From Welches, Oregon: Drive 1.3 miles west on US highway 26. Wildwood Recreation Site will be on the left.
BIKING, INTERPRETIVE PROGRAMS, FISHING, WILDLIFE VIEWING, FISH VIEWING SITE, DAY USE AREA
More Oregon Recreation Areas | Reserve a Wildwood Group Picnic Area or Shelter | Photo Album: Salmon Wild and Scenic River | Leave-No-Trace Principles | Green Canyon Campground (Forest Service) | Interactive Video: 360° at Wildwood Recreation Site | Salmon Wild and Scenic River at rivers.gov
Only an hour’s drive from Portland, Oregon, the clear water of the Salmon River cascades over numerous waterfalls in the Salmon-Huckleberry Wilderness before reaching its lower forested canyons. From its headwaters to the confluence with the Sandy River approximately 33.5 miles (53.9 km) downstream, the river’s proximity makes it easy for a great number of people to enjoy its diverse recreational opportunities. The Salmon River incorporates portions of two major physiographic zones”the Cascade Mountain Range and the Columbia Basin. As a result, the river corridor contains great natural diversity, from alpine environments and narrow basalt canyons to wide floodplains with their associated wetlands.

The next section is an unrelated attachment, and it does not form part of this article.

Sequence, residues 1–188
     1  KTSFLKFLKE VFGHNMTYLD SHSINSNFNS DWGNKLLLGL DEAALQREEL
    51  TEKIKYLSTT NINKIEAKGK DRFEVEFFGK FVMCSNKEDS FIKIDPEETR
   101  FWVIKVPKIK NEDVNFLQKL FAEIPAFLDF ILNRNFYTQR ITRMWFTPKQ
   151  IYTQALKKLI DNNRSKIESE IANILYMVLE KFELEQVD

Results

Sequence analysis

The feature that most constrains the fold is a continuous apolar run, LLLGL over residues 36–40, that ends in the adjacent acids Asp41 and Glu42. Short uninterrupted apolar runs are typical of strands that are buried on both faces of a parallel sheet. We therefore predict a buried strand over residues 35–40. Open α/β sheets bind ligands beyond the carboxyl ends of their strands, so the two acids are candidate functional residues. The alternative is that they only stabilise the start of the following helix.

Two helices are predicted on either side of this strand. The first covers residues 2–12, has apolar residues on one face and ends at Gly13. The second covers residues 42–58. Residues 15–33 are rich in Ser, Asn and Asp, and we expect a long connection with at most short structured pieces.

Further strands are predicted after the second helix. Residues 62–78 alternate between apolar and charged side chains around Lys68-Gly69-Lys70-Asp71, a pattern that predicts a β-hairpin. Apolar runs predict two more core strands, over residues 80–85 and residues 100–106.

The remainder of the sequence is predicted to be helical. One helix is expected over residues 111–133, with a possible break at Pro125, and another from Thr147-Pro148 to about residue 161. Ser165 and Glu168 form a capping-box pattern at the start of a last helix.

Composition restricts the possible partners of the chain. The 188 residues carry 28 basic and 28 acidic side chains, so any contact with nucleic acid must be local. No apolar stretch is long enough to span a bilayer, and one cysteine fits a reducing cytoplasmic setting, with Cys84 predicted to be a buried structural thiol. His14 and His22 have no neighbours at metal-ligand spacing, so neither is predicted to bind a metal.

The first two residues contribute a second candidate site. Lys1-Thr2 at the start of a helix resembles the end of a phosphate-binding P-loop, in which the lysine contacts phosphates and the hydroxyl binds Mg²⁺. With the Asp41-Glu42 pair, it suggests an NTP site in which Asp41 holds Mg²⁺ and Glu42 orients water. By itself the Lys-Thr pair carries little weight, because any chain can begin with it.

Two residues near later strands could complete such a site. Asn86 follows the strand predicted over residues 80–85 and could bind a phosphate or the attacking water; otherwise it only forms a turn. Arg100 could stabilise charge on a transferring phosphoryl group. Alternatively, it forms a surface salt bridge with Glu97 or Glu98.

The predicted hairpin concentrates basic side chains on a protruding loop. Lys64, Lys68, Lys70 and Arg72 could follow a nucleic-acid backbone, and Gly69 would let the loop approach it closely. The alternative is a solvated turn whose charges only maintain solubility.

Know Before You Go:
- One of the best ways to visit the Salmon Wild and Scenic river is to visit the Wildwood Recreation Site on the Mt. Hood Scenic Byway (US Highway 26) near the town of Welches, Oregon.
- Upriver from the BLM-managed segment, the nearby Mount Hood National Forest offers many recreational activities, including hiking, horseback riding, fishing, camping, backpacking, and skiing, among others.
- Don’t Move Firewood: Please protect Pacific Northwest forests by preventing the spread of invasive species. Firewood can carry insects and diseases that can threaten the health of our western forests. You can make a difference by obtaining and burning your firewood near your location of burning.
Point of Interest:
Two important species found in the Salmon Wild and Scenic River corridor include Roosevelt elk and greater Sandhill cranes. The small population of greater Sandhill cranes is the northernmost breeding population of this species in Oregon.